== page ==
Wilex’s Noni-Loa flies Samoa’s flag

Promoting Samoa on the international stage is the goal of Wilex Samoa with their newly-launched “Samoa Noni-Loa” brand. 

Founder of Wilex Samoa, Tagaloa Eddie Wilson told the Samoa Observer yesterday that the brand exists to tell the world that the nonu is from Samoa. 

In 1998, Wilex started using nonu in its “boutique chocolate” products and now they’re looking at reviving this by using nonu in their chocolates again. Wilex landed an export market in South Korea six months ago, Benefarm, and they are very interested in Samoa, Tagaloa said. 

“The Korean market is very interested in Samoa not only for the impressive quality of the nonu but also with the beauty of our islands,” Tagaloa said during the launch at their factory in Lelata.

“This is why a TV crew from South Korea is visiting to film Samoa as a world class country on pristine environment and source of noni products for the Korean markets.”

While many countries have been interested in nonu, Tagaloa said they are prioritising companies who are focused on promoting Samoa and utilising nonu in an effective way. 

“Apart from South Korea, our other interests lie with Canada and America due to developing nonu products to cure cancer diagnosis including colon, breasts and kidneys,” he said. 

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“That’s why we’ve also alerted the kidney dialysis unit in the hospital of our interests and Leituala Dr. Ben Matalavea is thrilled with the new development.”

Wilex collects nonu fruits from all over the island, beginning from area in Aleipata to Lefaga, Apia to Lauli’i, with a bucket costing $10 - $12 depending on the quality of the fruit.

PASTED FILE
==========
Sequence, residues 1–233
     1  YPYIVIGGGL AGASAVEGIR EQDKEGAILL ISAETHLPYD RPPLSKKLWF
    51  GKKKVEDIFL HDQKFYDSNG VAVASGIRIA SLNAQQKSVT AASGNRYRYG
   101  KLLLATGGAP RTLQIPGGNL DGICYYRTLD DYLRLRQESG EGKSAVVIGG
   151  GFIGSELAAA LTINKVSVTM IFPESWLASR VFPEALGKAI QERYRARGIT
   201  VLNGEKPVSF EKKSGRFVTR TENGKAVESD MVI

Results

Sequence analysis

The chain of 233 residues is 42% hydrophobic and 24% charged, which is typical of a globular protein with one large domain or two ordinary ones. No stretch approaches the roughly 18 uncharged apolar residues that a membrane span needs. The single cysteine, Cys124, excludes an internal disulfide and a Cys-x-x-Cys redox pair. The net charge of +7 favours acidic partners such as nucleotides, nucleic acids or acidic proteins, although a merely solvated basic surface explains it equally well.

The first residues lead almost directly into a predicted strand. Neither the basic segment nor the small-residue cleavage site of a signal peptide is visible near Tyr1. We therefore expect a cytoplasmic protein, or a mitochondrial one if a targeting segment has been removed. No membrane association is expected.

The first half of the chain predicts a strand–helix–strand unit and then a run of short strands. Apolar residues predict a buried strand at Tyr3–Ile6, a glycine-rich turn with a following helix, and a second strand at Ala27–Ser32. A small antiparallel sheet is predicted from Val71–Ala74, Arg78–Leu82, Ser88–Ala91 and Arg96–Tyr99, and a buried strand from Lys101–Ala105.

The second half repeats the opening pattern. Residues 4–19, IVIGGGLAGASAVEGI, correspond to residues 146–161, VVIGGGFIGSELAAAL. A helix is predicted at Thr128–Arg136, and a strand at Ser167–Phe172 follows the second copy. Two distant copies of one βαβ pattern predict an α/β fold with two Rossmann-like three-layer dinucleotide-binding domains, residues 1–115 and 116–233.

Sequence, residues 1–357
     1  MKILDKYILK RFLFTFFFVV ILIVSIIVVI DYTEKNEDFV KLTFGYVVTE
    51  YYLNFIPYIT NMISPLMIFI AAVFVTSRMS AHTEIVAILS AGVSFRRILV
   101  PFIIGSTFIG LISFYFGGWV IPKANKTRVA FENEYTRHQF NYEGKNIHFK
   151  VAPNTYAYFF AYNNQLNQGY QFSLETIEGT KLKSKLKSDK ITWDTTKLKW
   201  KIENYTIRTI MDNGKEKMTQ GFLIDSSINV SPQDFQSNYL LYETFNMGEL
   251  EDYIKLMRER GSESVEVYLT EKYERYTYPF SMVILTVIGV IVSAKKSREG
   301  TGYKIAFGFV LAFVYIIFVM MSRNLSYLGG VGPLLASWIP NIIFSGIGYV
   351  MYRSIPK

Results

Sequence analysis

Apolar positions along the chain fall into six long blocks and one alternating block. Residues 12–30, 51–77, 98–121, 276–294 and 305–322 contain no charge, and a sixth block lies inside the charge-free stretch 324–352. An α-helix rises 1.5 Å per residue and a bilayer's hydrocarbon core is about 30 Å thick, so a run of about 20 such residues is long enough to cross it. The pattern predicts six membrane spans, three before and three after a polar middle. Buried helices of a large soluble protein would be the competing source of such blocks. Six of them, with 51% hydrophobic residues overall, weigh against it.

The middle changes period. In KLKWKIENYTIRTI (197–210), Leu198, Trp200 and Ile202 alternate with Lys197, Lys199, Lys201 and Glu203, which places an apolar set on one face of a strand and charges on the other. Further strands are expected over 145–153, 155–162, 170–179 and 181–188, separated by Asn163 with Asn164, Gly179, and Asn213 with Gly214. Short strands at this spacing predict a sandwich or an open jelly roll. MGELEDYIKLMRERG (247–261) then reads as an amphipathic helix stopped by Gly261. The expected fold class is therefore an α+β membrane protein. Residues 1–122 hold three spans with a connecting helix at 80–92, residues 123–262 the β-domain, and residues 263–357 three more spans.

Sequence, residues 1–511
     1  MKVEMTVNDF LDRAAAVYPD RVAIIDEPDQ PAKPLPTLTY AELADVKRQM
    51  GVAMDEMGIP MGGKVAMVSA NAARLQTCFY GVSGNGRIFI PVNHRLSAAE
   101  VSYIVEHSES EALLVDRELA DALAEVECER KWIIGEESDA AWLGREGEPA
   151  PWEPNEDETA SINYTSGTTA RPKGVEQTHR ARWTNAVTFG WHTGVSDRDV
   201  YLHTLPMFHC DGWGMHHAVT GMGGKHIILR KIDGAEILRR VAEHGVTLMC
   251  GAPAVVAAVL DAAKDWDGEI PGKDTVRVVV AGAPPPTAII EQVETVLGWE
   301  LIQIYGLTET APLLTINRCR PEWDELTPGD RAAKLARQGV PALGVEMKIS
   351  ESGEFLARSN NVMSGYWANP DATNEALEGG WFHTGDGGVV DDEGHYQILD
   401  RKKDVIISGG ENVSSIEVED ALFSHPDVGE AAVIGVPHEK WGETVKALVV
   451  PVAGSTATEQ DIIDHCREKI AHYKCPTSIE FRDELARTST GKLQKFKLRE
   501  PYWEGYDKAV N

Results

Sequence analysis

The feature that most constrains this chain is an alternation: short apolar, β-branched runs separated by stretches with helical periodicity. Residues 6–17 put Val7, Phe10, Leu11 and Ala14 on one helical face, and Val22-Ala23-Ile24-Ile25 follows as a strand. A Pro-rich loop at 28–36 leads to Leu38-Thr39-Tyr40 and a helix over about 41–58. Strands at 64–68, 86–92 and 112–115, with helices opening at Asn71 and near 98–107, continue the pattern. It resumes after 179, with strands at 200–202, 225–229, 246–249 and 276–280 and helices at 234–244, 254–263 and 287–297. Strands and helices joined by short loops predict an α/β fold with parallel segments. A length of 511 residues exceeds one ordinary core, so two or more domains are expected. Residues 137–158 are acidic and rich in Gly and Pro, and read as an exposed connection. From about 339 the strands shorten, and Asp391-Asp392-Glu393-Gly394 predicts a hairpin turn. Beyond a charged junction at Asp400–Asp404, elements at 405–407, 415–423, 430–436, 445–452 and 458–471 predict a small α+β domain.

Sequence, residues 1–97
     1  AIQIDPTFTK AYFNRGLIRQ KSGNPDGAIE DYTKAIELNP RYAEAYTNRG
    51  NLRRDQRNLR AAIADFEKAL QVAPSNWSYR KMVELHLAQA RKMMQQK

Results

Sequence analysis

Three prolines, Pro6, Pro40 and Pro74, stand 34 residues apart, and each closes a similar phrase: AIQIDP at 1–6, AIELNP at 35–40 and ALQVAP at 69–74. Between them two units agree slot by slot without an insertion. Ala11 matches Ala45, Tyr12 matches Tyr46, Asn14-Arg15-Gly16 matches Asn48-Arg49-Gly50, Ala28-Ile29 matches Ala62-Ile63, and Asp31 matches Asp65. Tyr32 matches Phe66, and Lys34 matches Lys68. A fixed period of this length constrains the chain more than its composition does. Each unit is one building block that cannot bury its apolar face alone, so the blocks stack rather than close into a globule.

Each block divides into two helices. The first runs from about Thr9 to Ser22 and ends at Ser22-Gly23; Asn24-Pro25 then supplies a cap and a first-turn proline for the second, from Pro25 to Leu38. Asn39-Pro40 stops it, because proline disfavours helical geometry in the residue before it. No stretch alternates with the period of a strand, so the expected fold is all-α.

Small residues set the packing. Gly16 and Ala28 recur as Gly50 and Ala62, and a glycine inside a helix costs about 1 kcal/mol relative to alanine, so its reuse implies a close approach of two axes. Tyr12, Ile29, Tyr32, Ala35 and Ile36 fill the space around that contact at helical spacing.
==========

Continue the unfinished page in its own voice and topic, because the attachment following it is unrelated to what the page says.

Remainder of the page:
“I believe that there is a great possibility for this to be a sustainable import because nonu grows effortlessly well in Samoa, growing in almost everyone’s backyard and easy to look after; this is God’s gift to Samoa,” Tagaloa said. 

“Also it benefits everyone in the family. Women and children make up 90 percent of people who collect nonu, which means while the men are working the land for root crops; women and kids are earning money from collecting nonu.”

He added about 5,000 families are involved and benefit from Wilex Noni Loa, including those who collect the fruit and work in the factories. 

 “The biggest challenge is the supply. It’s so hard to convince people not to pick the green unripe nonu fruits,” he said.

“It is especially difficult when there is also another company who is going around collecting both ripe and unripe nonu fruits, which doesn’t look good for us.

“Even the Government has issued a notice through the Ministry of Commerce, Industry and Labour to stop the picking of unripe nonu because this may lead to a tainted reputation of the country.”

Tagaloa said about $2 million was invested in the brand including tanks, laboratories and other investments.   

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